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directed by Jules Stewart
USA 2012


The directorial debut of script supervisor Jules Stewart (mother of actress Kristen Stewart, who was apparently at one time attached to the project during its long development period), K-11 has more in common with Jamaa Fanaka's PENITENTIARY than THE SHAWSHANK REDEMPTION (or even CHAINED HEAT or CAGED HEAT) as far as "-in-prison" films. Found unconscious and under the influence of narcotics at the murder scene of one of his rock stars, record producer Raymond Saxx, Jr. (Goran Visnjic, THE GIRL WITH THE DRAGON TATTOO) wakes to find himself in jail and consigned to the K-11 ward reserved for homosexuals and lorded over by transsexual Moussey (Kate del Castillo, UNDER THE SAME MOON). On the surface, Saxx's plight for innocence and freedom is a superficial way of bringing the audience into this "land of broken toys" as unstable-but-endearing patricidal sometimes-a-girl "Butterfly" (Portia Doubleday, ALMOST KINGS) calls it. In between scenes of Saxx trying to get help during his one-a-day phone calls and meeting with a lawyer (there's never an interrogation), the loosely-plotted film explores the inner workings of the block. There's a power struggle between coke-addled Sgt. Johnson (D.B. Sweeney, FIRE IN THE SKY) and Ben (Jason Mewes, CLERKS), an inmate who serves as his clerk as front for smuggling cocaine into K-11. Child molester Detroit (Tommy 'Tiny' Lister, JACKIE BROWN) - awaiting sentencing and placed in K-11 because he would not survive in the general population despite his stature - forces himself repeatedly Butterfly and makes the fatal mistake of asking her to call him "daddy". "Precious" (Markus Redmond, FIGHT CLUB) would rather stay in K-11 as a "hairdresser to the stars" - The Cult's Billy Morrison (EVILUTION) as inmate/washed-up rock star "Hollywood" who also provides a theme song for the closing credits - than face the outside world. Crystal (Tara Buck, TV's TRUE BLOOD) tries to take over as "House Mouse" and becomes an example of what happens when anyone goes up against Moussey when she returns.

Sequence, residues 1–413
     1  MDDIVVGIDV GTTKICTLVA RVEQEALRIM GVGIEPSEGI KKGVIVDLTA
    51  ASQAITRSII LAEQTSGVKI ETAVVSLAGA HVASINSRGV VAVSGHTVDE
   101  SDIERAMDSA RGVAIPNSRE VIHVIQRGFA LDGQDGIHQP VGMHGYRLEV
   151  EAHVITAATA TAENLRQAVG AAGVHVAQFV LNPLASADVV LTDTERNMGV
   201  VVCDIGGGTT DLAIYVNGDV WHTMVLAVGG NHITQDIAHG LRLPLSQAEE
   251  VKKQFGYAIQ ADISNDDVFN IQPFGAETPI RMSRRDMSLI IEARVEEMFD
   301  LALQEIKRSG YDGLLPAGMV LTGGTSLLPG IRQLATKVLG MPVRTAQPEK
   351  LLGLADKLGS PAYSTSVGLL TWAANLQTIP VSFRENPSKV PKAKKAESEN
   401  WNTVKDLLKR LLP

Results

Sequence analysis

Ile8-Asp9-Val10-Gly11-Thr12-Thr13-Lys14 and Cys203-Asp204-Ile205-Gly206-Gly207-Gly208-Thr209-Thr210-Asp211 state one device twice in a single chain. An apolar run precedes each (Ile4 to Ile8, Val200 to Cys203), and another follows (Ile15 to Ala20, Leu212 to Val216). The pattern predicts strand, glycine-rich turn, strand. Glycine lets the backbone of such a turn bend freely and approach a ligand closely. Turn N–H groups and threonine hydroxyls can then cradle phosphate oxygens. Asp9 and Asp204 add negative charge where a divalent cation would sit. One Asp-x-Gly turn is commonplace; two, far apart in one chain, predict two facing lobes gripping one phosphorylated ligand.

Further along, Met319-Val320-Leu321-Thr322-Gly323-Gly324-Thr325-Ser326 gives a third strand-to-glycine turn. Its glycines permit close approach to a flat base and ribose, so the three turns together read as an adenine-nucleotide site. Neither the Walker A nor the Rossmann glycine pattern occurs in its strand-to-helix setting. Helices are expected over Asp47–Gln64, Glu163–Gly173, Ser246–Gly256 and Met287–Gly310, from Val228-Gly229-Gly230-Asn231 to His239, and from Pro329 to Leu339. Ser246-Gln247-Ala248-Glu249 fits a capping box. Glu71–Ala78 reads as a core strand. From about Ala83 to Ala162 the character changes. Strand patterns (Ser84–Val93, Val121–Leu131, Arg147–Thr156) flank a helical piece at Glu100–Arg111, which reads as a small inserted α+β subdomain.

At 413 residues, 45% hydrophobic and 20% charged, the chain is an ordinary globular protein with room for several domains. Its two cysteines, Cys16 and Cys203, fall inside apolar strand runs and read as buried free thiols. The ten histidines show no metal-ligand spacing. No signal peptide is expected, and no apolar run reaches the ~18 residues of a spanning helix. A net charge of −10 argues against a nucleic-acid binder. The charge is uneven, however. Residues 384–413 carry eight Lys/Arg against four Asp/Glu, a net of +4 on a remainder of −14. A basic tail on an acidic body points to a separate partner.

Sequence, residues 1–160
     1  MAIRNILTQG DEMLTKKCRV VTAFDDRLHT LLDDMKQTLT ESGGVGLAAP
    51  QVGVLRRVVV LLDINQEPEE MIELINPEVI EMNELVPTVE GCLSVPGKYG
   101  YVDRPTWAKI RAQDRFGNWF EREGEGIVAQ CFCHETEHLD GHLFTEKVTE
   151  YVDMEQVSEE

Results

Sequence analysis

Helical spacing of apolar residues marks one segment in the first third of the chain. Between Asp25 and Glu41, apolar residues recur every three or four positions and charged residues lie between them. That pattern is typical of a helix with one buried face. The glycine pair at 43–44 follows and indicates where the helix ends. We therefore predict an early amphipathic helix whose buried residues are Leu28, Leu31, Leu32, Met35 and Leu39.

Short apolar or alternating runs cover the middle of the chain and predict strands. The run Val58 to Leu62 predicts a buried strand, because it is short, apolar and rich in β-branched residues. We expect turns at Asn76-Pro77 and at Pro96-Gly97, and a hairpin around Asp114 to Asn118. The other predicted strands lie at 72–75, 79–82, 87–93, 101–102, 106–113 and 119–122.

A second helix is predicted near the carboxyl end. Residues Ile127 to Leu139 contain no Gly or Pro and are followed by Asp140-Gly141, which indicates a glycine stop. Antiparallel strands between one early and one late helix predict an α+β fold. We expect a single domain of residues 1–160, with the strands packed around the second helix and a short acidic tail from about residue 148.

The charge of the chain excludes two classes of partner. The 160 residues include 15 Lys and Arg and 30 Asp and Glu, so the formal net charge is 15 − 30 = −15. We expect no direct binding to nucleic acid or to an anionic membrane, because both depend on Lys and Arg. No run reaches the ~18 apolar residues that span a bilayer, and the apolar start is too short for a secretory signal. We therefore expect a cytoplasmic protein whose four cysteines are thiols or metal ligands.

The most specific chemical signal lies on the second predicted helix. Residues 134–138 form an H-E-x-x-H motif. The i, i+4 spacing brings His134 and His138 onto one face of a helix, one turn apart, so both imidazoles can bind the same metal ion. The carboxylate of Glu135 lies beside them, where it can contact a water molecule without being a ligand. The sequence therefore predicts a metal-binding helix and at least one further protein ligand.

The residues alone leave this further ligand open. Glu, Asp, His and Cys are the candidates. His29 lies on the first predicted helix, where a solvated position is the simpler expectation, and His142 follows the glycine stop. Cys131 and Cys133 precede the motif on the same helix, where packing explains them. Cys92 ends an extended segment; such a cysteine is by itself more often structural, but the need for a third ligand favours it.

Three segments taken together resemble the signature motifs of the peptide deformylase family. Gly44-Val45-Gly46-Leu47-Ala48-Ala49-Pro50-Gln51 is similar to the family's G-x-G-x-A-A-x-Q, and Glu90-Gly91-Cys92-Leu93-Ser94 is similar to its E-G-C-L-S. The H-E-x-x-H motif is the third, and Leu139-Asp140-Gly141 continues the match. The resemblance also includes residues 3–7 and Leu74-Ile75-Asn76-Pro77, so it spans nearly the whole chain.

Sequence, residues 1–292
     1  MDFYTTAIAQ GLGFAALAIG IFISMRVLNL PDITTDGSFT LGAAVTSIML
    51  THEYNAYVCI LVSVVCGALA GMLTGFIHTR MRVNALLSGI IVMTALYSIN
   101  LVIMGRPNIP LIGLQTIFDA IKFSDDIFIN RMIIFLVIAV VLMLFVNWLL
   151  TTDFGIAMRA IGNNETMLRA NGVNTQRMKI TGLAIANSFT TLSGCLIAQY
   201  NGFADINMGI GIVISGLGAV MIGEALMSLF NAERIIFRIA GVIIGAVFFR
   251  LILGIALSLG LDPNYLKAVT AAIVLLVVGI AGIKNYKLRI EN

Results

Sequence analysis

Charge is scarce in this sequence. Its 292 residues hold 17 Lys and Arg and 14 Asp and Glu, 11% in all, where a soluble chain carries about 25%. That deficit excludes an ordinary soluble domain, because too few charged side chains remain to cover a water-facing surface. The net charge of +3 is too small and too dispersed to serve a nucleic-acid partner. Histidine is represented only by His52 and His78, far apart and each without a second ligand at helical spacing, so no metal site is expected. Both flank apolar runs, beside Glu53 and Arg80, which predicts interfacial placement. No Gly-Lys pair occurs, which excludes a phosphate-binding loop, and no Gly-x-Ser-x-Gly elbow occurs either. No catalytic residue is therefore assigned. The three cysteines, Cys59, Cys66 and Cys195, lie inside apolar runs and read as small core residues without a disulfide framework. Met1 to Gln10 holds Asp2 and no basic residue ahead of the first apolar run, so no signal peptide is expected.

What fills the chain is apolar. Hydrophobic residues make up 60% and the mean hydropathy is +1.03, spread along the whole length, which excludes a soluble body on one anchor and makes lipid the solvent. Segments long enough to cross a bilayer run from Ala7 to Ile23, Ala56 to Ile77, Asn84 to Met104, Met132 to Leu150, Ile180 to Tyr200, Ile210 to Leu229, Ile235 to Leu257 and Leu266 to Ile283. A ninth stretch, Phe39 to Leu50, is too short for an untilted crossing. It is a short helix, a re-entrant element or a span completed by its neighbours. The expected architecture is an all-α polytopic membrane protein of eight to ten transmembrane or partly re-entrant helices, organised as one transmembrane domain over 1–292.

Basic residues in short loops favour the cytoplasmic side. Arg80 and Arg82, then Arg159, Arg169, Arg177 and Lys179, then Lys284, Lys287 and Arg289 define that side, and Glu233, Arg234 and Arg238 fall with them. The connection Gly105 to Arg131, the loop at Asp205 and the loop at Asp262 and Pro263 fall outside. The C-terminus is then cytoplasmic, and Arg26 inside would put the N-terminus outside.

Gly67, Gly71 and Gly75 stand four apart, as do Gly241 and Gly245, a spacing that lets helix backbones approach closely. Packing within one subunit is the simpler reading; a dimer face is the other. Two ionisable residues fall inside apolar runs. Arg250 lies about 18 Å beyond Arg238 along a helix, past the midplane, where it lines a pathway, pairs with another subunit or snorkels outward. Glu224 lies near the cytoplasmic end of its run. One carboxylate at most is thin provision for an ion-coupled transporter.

On the other hand, one can interpret the film as Saxx's trip to Oz or Wonderland, and the various bits of advice (sometimes in the form of threats) as life lessons for the jaded protagonist about respecting himself and others if he wants to truly be free (Moussey also makes the seemingly flip statement that as long as the inmates are hooked [on her cocaine supply], they will always come back); and the "just desserts" meted out to some characters as illustrative to him of Butterfly's statement of the moral "bad things happen to bad people". Saxx doesn't seem like a particularly "good" person, but he perhaps is meant to be in the sense here that he has a chance to make life choices so as not to be a repeat offender like those who feel at home in K-11. Too slick and well-made to be enjoyed as exploitation, the film may have limited audience appeal (although there are gay characters - not all viewed in a positive light - it's not part of US distributor Breaking Glass Pictures' QC Cinema line). It's not too satisfying as a drama, and the ending veers too sharply in tone (as if the director liked the characters or the actors too much to put them through anything too downbeat); but director Stewart - whose son Cameron plays "Sledgehammer" - demonstrates a good handling of actors (Castillo and Doubleday are particularly good) for a first timer, and it will be interesting to whether her next project leans more towards exploitation or something more mainstream.

Eric Cotenas


Theatrical Release: 15 March 2013 (USA)